Located 2,600 miles southwest of Hawaii, the National Park of American Samoa is the most remote unit of the National Park System and the U.S. National Park south of the Equator. The Park spreads across three islands, 9,500 acres of tropical rainforest, and 4,000 acres of ocean, including coral reefs. While remote, the islands of American Samoa, true to the meaning of the word Samoa (Islands of Sacred Earth), are welcoming and offer beautiful landscapes and centuries of culture and history.
Seasoned backpacker and adventurer Yang Lu earned the grand prize in the 2015 Share the Experience photo contest with this image of a sunburst captured at sunrise in Glen Canyon National Recreation Area, Utah. Yang has made the outdoors part of his daily life and finds deep connection to the land through his lens.
“My photography is not just for recreation, it is to inspire people to explore these areas." -- Yang Lu
Photo by Yang Lu (www.sharetheexperience.org).
The plantings of cherry trees originated in 1912 as a gift of friendship to the People of the United States from the People of Japan. In Japan, the flowering cherry tree, or "Sakura," is an exalted flowering plant. The beauty of the cherry blossom is a potent symbol equated with the evanescence of human life and epitomizes the transformation of Japanese culture throughout the ages.
H.R. 1980 - National Parks, Forest and Lands Bills
STATEMENT FOR THE RECORD, NATIONAL PARK SERVICE, U.S. DEPARTMENT OF THE INTERIOR, BEFORE THE HOUSE SUBCOMMITTEE ON NATIONAL PARKS, FORESTS AND PUBLIC LANDS, COMMITTEE ON NATURAL RESOURCES, CONCERNING H.R. 1980, A BILL TO AUTHORIZE THE GOLD STAR MOTHERS NATIONAL MONUMENT FOUNDATION TO ESTABLISH A NATIONAL MONUMENT IN THE DISTRICT OF COLUMBIA.
November 3, 2011
Mr. Chairman, thank you for the opportunity to appear before your committee to present the views of the Department of the Interior on H.R 1980, a bill that would authorize the Gold Star Mothers National Monument Foundation to establish a national monument in the District of Columbia.
The Department cannot support H.R. 1980 because it does not conform to the Commemorative Works Act. This position is consistent with the finding of the National Capital Memorial Advisory Commission, which reported its views to the House Committee on Natural Resources on August 17, 2011.
This bill proposes to both establish a national monument to mothers of members of the Armed Forces who have died in the service to our country, and to designate the monument as a unit of the National Park System. H.R. 1980 also directs that the monument be established according to the requirements of the Commemorative Works Act of 1986.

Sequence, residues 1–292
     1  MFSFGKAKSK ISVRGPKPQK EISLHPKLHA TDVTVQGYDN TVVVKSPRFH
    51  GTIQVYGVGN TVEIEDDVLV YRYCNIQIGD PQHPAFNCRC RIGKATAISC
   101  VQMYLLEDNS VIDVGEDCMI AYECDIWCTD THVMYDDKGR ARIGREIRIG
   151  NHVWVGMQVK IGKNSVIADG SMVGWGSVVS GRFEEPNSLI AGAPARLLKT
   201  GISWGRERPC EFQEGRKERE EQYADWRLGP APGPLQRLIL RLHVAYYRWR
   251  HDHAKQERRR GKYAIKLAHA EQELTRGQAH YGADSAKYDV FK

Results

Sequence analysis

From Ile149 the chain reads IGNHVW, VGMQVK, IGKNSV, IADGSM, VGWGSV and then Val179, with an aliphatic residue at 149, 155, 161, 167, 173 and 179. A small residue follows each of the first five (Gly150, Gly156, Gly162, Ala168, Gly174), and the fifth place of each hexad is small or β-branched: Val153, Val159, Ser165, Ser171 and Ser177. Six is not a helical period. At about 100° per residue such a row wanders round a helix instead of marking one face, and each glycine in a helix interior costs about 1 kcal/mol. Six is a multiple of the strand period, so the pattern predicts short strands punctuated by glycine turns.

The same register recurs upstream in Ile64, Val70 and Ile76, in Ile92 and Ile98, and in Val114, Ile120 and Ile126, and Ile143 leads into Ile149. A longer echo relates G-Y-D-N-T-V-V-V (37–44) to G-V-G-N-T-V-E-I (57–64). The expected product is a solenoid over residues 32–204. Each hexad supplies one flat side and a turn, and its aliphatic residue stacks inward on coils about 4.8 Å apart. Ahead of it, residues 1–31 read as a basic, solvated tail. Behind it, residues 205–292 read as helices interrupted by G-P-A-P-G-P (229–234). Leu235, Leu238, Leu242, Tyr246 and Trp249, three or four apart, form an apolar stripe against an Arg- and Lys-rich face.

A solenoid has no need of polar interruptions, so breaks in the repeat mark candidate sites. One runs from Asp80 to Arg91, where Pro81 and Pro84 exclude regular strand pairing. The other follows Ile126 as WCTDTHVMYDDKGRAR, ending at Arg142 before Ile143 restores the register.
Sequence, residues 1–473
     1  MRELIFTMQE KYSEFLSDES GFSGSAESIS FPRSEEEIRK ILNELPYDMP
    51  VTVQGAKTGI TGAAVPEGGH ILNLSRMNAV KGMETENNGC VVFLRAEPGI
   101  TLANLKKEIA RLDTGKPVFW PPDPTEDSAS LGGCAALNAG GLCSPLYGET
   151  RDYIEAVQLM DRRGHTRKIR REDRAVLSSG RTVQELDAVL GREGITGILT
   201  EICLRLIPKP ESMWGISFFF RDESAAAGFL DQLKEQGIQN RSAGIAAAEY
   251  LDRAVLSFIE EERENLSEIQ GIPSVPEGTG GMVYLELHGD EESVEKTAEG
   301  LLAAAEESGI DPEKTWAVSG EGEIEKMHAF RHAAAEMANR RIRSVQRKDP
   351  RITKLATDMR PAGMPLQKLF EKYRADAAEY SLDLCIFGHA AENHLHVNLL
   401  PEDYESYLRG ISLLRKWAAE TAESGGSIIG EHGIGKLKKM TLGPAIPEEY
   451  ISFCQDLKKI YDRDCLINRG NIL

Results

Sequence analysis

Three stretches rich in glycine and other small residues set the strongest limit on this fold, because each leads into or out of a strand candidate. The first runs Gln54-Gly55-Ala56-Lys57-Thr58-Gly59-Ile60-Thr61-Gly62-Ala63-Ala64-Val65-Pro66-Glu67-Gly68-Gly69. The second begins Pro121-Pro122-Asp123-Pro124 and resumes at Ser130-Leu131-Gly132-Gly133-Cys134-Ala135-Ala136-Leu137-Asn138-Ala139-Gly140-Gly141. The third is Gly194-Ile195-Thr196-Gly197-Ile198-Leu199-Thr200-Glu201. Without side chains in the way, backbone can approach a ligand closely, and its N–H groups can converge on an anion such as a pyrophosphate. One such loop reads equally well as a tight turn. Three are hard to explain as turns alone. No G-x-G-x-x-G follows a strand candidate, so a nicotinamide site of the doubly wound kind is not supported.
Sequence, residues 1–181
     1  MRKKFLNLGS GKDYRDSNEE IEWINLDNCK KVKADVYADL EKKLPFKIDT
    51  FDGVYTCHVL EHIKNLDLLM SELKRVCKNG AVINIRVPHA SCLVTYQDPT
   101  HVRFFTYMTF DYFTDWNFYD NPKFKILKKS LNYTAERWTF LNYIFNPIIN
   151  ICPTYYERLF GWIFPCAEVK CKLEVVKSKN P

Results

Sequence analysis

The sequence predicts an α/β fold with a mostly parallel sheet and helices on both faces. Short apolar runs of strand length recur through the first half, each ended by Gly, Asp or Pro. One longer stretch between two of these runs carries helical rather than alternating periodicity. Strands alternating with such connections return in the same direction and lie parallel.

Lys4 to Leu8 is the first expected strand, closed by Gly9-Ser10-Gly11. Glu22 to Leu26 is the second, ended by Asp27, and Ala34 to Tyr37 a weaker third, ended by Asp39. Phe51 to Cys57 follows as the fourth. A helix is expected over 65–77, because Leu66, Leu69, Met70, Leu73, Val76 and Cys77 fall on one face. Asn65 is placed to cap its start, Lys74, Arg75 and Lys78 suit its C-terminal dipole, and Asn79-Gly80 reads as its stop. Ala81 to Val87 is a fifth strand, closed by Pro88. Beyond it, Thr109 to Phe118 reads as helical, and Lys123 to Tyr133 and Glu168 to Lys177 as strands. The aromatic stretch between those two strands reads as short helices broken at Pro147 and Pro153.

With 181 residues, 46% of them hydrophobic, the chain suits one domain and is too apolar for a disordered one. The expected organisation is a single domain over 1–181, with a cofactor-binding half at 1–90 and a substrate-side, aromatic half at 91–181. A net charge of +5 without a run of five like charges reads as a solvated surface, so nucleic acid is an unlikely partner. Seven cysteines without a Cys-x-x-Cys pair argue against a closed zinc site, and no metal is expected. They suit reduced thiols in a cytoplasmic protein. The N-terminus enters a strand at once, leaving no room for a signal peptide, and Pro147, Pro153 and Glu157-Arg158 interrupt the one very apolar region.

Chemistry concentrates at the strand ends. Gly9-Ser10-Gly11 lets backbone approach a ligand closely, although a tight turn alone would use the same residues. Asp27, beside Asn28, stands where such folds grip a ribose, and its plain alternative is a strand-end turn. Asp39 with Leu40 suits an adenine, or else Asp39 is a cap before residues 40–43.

The Department appreciated the opportunity to discuss the proposal with the Gold Star Mothers National Monument Foundation when it met with National Park Service staff and the National Capital Memorial Advisory Commission. Of course we believe that recognition of the role of mothers of members of the Armed Forces is important. We also believe that commemoration should be accomplished in a manner consistent with the Commemorative Works Act as enacted by Congress. We also note that the Gold Star program itself is a commemorative program. It is to recognize and honor those who have sacrificed their lives in service to our Country, as well as their mothers. Memorials are not always bricks and mortar. The Gold Star program is an excellent example, and it is a commemoration that has endured in various ways for almost a century.
H.R. 1980 is in conflict with the Commemorative Works Act in two key areas. First, the Act states that a military commemorative work may be authorized only to commemorate a war or similar major military conflict, such as the Korean War, or a branch of the armed forces, such as the Navy Memorial. Secondly, the Act permits consideration of memorials only if the last surviving member of the group being commemorated has been dead for 25 years.
While the proposed commemoration is outside the scope of the Commemorative Works Act, other suitable options to honor the Gold Star Mothers could be explored.
The Department also notes that the legislation directs that the memorial be established as a unit of the National Park System. Ordinarily, the National Park Service does not recommend such designation without first conducting a Congressionally-authorized Special Resource Study to determine if the resource warrants designation as a national park.
We further note that H.R. 1980 does not contain language providing for the disposition of unspent funds that may be privately raised for a memorial. The Department recommends legislative sponsors include such provisions in proposals to establish memorials regardless of the proposed location. Should the committee choose to advance this legislation in some form, the Department would encourage consideration of language to provide direction regarding unspent funds and we can assist the committee with suggested language.
That concludes our prepared testimony on H.R. 1980, and we would be happy to answer any questions you may have.